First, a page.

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A putrid set of earnings for Caterpillar Inc. represents another big win for short-selling hedge fund manager Jim Chanos, a man enjoying a mythical run of successful market calls. It's been more or less proven in the last 18 months that it's a very, very bad strategy to bet against Mr. Chanos' short ideas, so it seems like a good idea to find out what other investments he's made for his funds.
Mr. Chanos founded hedge fund management company Kynikos & Associates in 1985 and for a while toiled away in obscurity. He rose to prominence with timely short positions in Enron Corp., Tyco International Ltd.and WorldCom Inc.
At a recent conference in New York, Mr. Chanos disclosed a large short position in heavy equipment maker Caterpillar, noting that the end of the commodity cycle meant the company was "in the wrong business at the wrong time." Wednesday morning, Caterpillar reported earnings well below expectations and slashed growth forecasts for the remainder of the year.
Mr. Chanos was also the first prominent manager to bet big against China, particularly property developers, beginning in 2010. He explained his rationale in an interview with Barrons, saying "I view [China] as a stock that's growing, but whose earnings are below the cost of capital."
Reporting regulations for hedge funds makes it difficult to uncover the exact stocks Mr. Chanos' hedge fund sold short. But, with the Shanghai Composite currently down 33 per cent from the 2011 highs, there is little doubt that his pessimism on China has been lucrative.
The Kynikos funds have also consistently held short positions in the personal computing space. The manager has revealed significant shorts in Hewlett-Packard Co. In this case however, he has hedged the short sale with a long position in Sandisk Corp, a company he expects to benefit from the proliferation of mobile computing at the expense of PC sales.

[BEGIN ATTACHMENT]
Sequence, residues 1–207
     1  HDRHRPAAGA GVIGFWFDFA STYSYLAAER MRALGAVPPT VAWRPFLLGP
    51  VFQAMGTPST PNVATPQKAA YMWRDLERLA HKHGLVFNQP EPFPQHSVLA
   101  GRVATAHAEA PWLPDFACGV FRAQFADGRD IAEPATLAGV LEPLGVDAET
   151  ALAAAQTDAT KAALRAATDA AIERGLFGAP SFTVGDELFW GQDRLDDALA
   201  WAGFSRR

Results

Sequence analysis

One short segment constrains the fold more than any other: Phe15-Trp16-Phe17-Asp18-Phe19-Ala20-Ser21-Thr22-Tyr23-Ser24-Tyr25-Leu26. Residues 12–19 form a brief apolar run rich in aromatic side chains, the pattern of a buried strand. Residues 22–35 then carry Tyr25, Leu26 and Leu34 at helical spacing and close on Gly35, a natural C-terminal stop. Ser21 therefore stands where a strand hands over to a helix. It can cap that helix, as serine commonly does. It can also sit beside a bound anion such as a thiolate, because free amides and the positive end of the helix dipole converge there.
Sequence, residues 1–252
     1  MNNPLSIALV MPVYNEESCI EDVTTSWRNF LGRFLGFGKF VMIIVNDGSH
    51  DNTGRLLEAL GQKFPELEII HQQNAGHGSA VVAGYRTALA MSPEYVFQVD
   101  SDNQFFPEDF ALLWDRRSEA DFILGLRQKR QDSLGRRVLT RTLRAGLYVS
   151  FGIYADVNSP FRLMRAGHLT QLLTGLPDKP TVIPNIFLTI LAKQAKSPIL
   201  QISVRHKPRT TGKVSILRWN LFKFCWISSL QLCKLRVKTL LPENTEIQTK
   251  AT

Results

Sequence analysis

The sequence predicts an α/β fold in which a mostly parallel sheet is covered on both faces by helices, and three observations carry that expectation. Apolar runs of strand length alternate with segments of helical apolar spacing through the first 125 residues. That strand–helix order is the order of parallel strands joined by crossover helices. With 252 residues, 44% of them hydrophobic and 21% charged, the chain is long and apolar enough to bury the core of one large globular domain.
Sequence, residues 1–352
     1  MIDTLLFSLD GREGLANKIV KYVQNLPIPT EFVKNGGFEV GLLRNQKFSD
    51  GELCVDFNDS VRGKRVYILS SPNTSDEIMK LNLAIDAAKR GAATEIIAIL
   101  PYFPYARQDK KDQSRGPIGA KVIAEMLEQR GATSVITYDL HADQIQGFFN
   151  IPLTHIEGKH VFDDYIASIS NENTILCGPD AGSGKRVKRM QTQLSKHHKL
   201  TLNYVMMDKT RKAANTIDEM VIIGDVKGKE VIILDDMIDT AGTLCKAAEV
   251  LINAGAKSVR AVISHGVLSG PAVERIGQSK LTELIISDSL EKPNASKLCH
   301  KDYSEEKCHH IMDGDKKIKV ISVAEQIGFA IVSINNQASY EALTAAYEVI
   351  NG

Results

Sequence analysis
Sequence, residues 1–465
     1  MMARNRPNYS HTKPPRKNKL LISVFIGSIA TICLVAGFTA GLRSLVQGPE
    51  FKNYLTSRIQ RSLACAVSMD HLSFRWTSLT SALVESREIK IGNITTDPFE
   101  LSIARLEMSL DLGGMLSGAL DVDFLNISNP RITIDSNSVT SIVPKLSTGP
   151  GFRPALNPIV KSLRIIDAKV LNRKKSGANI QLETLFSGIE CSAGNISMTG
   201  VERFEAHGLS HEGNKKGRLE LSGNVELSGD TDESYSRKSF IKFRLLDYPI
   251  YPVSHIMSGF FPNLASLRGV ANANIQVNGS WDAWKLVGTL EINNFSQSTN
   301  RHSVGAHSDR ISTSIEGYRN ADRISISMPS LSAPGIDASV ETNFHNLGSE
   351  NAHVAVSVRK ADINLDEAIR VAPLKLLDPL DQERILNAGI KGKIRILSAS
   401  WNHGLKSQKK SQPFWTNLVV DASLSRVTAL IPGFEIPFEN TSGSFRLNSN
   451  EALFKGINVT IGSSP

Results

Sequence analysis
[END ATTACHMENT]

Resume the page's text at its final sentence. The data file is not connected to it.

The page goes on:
Mr. Chanos has also made skeptical comments about Dell Inc.'s future growth, a view that pits him against famed corporate raider Carl Icahn, a man who's also not wrong very often.
Canadian investors will be most interested in Kynikos' investment strategy in the U.S. natural gas space. The funds are invested in the natural gas price itself through UNG, an ETF that tracks the price of the commodity. This long position is the counterbalance to a bet against Chesapeake Energy Corp. which he believes has overspent on fracking properties that will have to be written down in value.
Investors should never blindly follow a portfolio manager no matter how impressive their ongoing hot streak. Today's genius often proves tomorrow's laughingstock. Nevertheless, it would seem a terrible idea to bet against Jim Chanos at the moment. Investors should avoid the personal computing sector, China-related stocks (like Caterpillar) and leveraged energy players in the natural gas sector until Mr. Chanos is proven wrong.
Scott Barlow is a contributor to ROB Insight, the business commentary service available to Globe Unlimited subscribers. Click here to read more of his Insights , and follow Scott on Twitter at @SBarlow_ROB .